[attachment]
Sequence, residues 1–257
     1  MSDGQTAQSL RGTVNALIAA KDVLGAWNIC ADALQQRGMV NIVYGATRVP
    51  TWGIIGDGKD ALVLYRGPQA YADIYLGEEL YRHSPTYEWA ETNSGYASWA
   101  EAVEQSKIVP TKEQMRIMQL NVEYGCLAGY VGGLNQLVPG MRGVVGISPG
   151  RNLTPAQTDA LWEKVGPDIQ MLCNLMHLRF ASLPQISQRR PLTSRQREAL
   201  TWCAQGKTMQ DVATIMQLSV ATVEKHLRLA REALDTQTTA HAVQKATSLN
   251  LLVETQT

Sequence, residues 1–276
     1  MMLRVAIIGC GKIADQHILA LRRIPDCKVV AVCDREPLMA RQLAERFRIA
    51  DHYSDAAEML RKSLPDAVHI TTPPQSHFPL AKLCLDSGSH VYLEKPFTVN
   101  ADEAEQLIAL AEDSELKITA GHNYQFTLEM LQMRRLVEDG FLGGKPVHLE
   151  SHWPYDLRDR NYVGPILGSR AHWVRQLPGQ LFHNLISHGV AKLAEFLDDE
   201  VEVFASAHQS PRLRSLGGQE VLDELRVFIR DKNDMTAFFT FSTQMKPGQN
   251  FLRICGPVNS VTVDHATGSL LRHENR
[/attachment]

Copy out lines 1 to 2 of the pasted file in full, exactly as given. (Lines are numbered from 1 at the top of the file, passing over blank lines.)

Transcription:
Sequence, residues 1–257
     1  MSDGQTAQSL RGTVNALIAA KDVLGAWNIC ADALQQRGMV NIVYGATRVP